With a big question mark still looming over this year's school funding plan, Pennsylvania's Gov. Wolf presented his education budget vision for next school year on Tuesday — doubling down on his ambitious agenda.
Since the last budget address, a year of negotiations with the Republican-held state House and Senate have yielded none of Wolf's education funding priorities.
On Tuesday, that didn't stop the governor from calling for more.
During a budget address that was short on specifics, but long on contempt for Republican lawmakers, Wolf warned that further stalled negotiations would lead to continued downgrades of credit ratings, more local property tax hikes, and worsening school services.
"Thousands of teachers will be laid off. Guidance and career counselors will be handed pink slips. In all, more than 23,000 education professionals will be immediately yanked out of Pennsylvania's schools," Wolf said.
In total, between this year's unresolved budget and next year's, Wolf proposes a $677 million boost to basic and special education spending.
The $200 million called for in this year's basic education line item would be driven through the student-weighted funding formula proposed recently by a bipartisan legislative funding commission.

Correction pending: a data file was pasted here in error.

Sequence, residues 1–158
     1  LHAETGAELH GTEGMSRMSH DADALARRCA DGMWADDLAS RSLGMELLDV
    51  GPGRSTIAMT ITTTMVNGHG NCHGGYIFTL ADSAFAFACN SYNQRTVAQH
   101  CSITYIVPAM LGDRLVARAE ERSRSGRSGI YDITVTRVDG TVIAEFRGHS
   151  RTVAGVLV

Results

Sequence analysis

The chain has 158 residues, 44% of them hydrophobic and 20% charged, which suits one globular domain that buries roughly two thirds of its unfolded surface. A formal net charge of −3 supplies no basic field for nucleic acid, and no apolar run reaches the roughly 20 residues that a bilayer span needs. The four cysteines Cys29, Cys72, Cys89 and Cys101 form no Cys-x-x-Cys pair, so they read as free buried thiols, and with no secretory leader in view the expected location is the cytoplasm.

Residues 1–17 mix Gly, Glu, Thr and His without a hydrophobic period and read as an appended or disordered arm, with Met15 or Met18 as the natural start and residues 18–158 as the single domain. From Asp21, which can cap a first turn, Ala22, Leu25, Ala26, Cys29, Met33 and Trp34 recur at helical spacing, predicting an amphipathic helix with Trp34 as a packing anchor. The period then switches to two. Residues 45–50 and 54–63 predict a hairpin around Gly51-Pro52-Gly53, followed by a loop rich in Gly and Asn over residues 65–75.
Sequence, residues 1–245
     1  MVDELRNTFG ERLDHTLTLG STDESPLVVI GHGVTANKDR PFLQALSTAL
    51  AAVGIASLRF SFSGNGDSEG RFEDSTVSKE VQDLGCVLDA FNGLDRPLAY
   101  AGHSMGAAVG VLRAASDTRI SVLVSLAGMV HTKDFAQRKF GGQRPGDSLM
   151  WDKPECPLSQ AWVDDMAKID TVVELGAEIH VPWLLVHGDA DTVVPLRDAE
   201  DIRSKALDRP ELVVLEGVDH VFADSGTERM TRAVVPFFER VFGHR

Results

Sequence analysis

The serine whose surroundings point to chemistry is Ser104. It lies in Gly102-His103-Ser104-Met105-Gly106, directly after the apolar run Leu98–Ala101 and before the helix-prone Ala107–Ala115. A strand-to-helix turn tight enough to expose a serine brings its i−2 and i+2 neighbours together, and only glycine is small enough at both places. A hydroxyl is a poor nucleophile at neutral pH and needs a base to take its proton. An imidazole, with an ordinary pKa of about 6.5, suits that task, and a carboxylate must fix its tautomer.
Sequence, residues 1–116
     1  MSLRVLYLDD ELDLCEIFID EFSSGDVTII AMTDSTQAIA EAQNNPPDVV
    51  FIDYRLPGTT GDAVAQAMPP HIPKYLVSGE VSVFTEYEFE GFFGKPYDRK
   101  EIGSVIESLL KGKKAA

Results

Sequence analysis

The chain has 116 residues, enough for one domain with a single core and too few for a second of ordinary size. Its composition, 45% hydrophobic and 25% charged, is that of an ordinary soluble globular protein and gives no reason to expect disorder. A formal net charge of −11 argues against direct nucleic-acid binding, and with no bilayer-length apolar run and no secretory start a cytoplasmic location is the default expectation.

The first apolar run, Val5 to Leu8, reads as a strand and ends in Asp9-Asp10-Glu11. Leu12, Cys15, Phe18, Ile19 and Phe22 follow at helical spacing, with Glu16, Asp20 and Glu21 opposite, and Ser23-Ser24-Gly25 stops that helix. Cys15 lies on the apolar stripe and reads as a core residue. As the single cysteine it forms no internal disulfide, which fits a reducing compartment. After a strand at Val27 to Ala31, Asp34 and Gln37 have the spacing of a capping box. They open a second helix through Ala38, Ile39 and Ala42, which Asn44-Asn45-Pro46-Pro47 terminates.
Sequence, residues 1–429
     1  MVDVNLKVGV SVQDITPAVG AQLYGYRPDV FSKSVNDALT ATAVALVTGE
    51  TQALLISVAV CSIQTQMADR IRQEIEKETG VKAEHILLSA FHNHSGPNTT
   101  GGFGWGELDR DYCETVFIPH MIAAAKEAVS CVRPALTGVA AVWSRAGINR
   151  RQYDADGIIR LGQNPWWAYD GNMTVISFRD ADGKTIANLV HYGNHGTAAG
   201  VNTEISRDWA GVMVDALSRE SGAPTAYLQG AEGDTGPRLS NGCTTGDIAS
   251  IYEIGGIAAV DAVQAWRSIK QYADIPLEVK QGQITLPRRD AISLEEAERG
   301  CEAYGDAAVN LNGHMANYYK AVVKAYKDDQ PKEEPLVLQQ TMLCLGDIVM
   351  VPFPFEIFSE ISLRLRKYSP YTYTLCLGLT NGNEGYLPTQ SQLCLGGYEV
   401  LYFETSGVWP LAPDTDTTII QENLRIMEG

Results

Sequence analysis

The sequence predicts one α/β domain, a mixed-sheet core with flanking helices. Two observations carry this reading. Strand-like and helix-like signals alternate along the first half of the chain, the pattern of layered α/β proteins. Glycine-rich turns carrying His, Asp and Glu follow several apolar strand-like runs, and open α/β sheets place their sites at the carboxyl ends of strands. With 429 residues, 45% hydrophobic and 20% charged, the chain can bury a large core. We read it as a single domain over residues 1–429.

Between this year and last, Wolf also called for a $120 million boost to early childhood education and 5 percent increases over two years to community colleges and state and state-related universities.
Wolf proposed a $15 million boost for the establishment and expansion of high-quality career and technical education programs; $5 million for new equipment for these programs; and $8 million for college and career counseling.
Many education advocates contend that Wolf's funding proposal needs to be even higher in order to give districts the resources they need to ensure that students can meet the state's academic expectations. Some note that Pennsylvania has the largest funding gap between the wealthiest and poorest schools in the United States, and it has some of the widest economic, racial, and ethnic achievement gaps in the country.
"Now, it is one of only two states that has not passed a budget this year, leaving schools to borrow millions of dollars to stay open," said Charlie Lyons, spokesman for Campaign for Fair Education Funding. "It is time for Pennsylvania to become a leader instead of a laggard in supporting the education of our children."
Wolf's plan also looks to reap $240 million in savings by reforming the charter school sector. Wolf would adjust the way charters receive funding for children with special education needs, reduce payments to cyber charters, end the pension double dip, and require charter schools to send back unassigned fund balances to districts.
Charter advocates decried Wolf's proposed reforms.